Loudoun County’s brewing education battle
Virginia parents sue to stop school district’s anonymous bias reporting plan
Debates over the Loudoun County, Va., public school district’s equity efforts have grown increasingly heated. Factions target each other with petitions and school board meeting speeches, and even talk of infiltrating and exposing opponents’ Facebook groups or hacking their websites. Last week, a group of parents filed a lawsuit against the school board, arguing the equity plan includes features—such as an anonymous racism reporting system—that will stifle students’ free speech.
Loudoun County Public Schools developed the Comprehensive Equity Plan in response to stories of racist incidents that students of color reported in focus groups. The students said they felt ignored when peers and teachers used racist slurs and jokes. The district plans to create an anonymous system for reporting future incidents. The lawsuit alleges that the reporting form includes boxes for “offensive language, teasing or taunting language/verbal exchange” and “exclusion or victim of lack of inclusivity.” Principals at each middle and high school also chose students to become “Student Equity Ambassadors” who meet with district leadership. According to the lawsuit, the district initially specified that the ambassadors must be students of color and must “represent your peers of color.”
The reporting system would not initiate discipline without an investigation under Loudoun’s established bullying and hate speech protocols. But the parents’ lawsuit notes students and teachers often disagree on what qualifies as harmful. The lawsuit alleges that three student ambassadors listed phrases including “I believe in a colorblind society” as microaggressions in a presentation to the school board.
Loudoun’s equity plan also includes implementing mandatory “equity literacy and racial consciousness” training for staff, reducing disproportionate discipline of African American and Hispanic students, increasing staff diversity, and other steps. The county identified controversial books like How to Be an Antiracist by Ibram X. Kendi and Me and White Supremacy by Layla Saad as “needed resources” and listed dismantling “systemic oppression” as a specific aim.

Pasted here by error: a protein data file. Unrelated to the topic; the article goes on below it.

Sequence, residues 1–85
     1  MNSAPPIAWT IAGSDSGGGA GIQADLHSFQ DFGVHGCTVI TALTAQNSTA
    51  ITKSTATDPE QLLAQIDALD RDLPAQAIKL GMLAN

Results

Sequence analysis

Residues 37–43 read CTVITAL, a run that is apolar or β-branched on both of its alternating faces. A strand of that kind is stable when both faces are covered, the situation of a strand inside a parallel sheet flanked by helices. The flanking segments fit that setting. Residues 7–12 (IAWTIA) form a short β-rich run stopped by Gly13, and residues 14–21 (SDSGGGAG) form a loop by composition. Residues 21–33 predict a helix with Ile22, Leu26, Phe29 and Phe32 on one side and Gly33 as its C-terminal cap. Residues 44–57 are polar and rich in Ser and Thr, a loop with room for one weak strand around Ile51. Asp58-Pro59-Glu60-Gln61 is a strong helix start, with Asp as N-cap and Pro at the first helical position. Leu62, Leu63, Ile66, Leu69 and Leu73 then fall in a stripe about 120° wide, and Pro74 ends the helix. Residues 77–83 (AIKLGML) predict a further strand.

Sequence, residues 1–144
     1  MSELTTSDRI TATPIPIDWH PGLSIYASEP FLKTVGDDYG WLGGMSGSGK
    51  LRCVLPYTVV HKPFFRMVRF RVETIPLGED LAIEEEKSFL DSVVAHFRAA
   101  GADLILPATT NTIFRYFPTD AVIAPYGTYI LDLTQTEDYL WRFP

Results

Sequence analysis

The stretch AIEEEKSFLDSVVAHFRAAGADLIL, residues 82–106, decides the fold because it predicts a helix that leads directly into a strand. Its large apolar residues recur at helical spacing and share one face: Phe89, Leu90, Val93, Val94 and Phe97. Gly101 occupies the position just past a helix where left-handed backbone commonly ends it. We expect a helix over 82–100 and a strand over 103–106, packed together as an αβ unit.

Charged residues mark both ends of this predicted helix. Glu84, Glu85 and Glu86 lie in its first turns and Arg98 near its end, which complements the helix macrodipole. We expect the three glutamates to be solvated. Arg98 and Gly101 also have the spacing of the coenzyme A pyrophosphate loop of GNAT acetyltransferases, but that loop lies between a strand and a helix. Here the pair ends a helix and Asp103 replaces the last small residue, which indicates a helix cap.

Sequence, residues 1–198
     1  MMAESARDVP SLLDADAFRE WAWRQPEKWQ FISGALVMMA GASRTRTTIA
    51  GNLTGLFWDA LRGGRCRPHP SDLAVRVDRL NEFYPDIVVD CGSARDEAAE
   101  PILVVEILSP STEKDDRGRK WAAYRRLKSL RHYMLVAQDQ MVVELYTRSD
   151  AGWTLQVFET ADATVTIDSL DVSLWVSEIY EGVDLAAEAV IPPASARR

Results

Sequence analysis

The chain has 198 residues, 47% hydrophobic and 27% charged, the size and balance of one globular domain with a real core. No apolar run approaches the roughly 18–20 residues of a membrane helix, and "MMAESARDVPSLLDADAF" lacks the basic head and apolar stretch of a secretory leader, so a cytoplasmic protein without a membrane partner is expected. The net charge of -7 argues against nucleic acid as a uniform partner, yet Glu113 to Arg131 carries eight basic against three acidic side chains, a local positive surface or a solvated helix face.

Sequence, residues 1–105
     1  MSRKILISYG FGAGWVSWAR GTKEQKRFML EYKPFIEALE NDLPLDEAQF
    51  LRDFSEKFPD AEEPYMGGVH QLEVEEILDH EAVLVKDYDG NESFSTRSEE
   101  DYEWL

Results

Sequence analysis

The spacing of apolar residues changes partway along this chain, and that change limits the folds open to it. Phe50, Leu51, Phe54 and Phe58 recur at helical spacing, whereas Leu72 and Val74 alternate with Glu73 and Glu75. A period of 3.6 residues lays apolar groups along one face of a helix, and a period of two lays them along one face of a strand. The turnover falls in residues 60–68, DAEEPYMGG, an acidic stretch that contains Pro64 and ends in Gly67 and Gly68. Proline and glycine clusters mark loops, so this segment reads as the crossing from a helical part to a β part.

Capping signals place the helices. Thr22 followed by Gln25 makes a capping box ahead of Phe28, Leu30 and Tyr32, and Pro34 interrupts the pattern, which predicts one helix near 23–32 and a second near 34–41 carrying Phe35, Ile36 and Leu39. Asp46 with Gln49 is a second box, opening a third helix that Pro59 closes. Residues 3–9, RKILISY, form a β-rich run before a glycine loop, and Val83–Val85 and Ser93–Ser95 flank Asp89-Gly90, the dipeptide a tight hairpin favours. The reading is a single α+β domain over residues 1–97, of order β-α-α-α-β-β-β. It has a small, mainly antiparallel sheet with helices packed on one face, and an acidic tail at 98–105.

The equity plans “are not an effort to indoctrinate students and staff into a particular philosophy or theory,” Superintendent Scott Ziegler wrote in a letter posted on the district website. “What they are is an effort to provide a welcoming, inclusive, affirming environment for all students.”
But the lawsuit argues the reporting system will silence students and that any dissent to the district’s approach could be labeled as “bias”. Parents also point out that the equity plan doesn’t limit reporting to incidents that occur on campus. Daniel Suhr, the Liberty Justice Center attorney filing the suit, said the district’s reporting plan would create a school-sanctioned system for “naming and shaming” students. Bias reports could also hurt college prospects: Universities have revoked admissions offers over students’ use of racial slurs on social media.
In addition, the lawsuit argues that because equity ambassadors are official positions with authority to represent students to district leadership, the requirement that they have “a passion for social justice” is unconstitutional viewpoint discrimination. Suhr said the new measures will curb not just racist speech but also healthy discussion as middle and high school students self-censor.
“Anybody who hears a communication and perceives it to be offensive or insensitive is now empowered to turn the speaker in and have a report filed accusing that person of bias,” he said. “Students are understandably just going to self-censor rather than risk being labeled as a racist.”
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